Cybernetics, the scientific study of control and communication in the animal and the machine, used to be the stuff of science fiction. Today, thanks to a Faustian bargain between corporations, regulators, and politicians, it is defining medicine.
Every day, the exponential explosion of data entry and regulatory requirements doctors endure boggles the mind, all in the name of “health care.”
Feedback is critical to field of cybernetics. And when Medicare’s straps have you by the balls, you comply.
No longer is it good enough to learn a diagnosis or procedure code, doctors must attend online courses to learn how to use a new “calculator” to determine a more proper code. After all, there will soon be over 70,000 of them. Each more specific than the other, each more ridiculous. There are five data-entry fields to click on that calculator, each another tiny, yet time-consuming decision to be made, just to determine a code. No doubt teams of clever twenty-something computer programmers are overjoyed with their coding calculator and the way it pops up automatically on our screen when needed, then disappears. So pretty. So cool. See how easy they’ve made it to complete that regulatory requirement?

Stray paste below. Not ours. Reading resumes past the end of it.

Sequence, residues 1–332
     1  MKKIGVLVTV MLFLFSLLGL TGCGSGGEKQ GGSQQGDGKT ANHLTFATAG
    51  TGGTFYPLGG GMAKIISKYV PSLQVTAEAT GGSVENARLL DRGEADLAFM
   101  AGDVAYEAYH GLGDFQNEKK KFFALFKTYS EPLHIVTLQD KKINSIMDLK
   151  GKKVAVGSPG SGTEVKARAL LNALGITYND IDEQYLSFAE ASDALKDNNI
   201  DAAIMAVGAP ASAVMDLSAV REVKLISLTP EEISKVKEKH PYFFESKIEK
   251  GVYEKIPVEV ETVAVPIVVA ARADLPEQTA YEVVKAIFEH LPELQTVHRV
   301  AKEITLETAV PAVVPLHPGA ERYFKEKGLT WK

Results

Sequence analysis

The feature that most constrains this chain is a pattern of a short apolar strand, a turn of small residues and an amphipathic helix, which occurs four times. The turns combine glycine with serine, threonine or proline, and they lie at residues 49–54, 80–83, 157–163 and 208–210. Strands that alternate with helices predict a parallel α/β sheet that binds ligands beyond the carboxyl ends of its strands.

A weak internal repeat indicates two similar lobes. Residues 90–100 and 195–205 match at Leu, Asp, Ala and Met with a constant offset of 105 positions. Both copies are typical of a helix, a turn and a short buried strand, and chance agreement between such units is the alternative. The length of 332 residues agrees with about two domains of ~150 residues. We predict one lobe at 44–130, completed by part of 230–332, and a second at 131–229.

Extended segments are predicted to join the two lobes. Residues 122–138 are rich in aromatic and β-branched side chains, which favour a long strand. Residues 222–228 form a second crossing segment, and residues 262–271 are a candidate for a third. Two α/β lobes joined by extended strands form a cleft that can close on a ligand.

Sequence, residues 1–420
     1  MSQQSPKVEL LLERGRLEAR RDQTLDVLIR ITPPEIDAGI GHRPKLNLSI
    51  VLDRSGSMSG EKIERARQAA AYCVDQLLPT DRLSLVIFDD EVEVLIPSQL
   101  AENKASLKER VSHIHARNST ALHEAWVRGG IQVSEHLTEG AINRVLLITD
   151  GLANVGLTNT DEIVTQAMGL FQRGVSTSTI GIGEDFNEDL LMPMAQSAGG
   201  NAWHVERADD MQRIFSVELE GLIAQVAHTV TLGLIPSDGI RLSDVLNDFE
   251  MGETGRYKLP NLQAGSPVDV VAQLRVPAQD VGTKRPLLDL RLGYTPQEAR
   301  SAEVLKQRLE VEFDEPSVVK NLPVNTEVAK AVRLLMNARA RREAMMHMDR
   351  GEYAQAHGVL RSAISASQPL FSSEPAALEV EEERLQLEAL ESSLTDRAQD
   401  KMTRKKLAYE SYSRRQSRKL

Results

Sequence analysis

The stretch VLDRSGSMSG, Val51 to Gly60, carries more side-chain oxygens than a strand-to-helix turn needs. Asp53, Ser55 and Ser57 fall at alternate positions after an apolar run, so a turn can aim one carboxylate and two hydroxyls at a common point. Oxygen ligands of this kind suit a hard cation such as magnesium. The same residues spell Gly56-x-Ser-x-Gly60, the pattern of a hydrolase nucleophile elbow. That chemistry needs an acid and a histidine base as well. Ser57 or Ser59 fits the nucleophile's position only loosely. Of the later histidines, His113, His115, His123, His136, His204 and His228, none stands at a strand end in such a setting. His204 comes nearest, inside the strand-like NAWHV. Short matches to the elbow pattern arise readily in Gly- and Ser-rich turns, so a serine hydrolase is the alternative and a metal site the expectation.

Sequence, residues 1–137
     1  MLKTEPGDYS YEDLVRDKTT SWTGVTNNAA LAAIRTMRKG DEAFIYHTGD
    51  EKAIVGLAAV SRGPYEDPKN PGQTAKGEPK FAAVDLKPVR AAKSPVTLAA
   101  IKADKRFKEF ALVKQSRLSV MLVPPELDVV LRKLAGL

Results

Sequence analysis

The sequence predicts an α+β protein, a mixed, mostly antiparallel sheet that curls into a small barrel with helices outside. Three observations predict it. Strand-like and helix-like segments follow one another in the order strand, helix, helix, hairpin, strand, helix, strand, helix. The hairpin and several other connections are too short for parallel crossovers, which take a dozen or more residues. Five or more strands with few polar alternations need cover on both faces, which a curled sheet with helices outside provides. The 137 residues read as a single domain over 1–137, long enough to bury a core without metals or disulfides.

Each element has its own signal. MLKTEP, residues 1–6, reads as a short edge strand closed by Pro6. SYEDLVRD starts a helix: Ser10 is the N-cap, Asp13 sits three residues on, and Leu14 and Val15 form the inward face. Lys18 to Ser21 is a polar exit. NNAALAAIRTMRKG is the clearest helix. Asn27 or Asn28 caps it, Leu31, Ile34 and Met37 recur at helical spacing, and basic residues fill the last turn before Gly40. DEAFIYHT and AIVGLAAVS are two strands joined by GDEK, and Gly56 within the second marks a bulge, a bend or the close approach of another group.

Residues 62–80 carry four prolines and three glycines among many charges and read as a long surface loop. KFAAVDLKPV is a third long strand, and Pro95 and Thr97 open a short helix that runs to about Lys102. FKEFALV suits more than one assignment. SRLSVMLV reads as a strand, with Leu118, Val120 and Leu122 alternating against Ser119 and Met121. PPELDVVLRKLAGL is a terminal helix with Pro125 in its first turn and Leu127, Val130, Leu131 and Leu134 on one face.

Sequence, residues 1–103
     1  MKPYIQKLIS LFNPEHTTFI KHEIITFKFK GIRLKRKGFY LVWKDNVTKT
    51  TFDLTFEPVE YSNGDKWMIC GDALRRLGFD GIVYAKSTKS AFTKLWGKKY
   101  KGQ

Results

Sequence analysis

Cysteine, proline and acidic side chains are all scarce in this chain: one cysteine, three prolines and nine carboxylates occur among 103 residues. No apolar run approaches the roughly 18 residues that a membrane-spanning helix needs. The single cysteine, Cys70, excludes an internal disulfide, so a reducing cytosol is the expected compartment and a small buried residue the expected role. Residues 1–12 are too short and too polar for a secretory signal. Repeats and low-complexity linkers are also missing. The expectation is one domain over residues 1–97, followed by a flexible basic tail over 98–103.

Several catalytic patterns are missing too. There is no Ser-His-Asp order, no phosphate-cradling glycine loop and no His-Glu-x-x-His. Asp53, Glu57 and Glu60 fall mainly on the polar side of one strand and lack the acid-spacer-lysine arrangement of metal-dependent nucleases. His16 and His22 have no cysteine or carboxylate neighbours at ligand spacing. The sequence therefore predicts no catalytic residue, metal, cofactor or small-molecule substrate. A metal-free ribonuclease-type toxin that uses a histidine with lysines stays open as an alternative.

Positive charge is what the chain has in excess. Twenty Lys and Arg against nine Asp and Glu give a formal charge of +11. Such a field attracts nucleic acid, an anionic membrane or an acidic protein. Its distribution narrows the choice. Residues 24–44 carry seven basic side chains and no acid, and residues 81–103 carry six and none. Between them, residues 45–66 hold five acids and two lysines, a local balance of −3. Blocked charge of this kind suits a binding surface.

And this does not begin to address the increasingly algorithmically-driven electronic medical record and procedures envisioned in the years ahead. As if all things can and must be perfectly defined and quantified in medicine. No mistakes. No judgment needed. No need to type. Just close your eyes, click a few buttons, and follow the pathway. Stop thinking. Just do it. Enter the data. Resistance is futile.
After all, it’s about the money…
… and perfect physician cyborgs.
Feel that strap tightening?